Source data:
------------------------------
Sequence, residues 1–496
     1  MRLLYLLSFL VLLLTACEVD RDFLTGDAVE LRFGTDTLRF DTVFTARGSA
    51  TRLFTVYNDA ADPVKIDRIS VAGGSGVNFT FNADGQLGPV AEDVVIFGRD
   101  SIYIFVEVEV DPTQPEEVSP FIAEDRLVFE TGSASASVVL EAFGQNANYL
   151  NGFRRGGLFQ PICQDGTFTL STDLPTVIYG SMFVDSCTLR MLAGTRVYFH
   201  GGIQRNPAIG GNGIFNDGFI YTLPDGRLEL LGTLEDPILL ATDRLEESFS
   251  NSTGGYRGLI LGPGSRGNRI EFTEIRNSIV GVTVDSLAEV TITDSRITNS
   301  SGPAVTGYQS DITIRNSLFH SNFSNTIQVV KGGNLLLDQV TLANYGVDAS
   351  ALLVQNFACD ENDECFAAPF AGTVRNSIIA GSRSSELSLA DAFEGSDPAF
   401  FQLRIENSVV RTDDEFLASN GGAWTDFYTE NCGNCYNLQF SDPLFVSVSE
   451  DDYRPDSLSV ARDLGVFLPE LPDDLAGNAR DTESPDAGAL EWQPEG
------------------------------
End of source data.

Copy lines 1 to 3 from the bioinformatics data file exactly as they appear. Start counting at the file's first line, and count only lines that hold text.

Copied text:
Sequence, residues 1–496
     1  MRLLYLLSFL VLLLTACEVD RDFLTGDAVE LRFGTDTLRF DTVFTARGSA
    51  TRLFTVYNDA ADPVKIDRIS VAGGSGVNFT FNADGQLGPV AEDVVIFGRD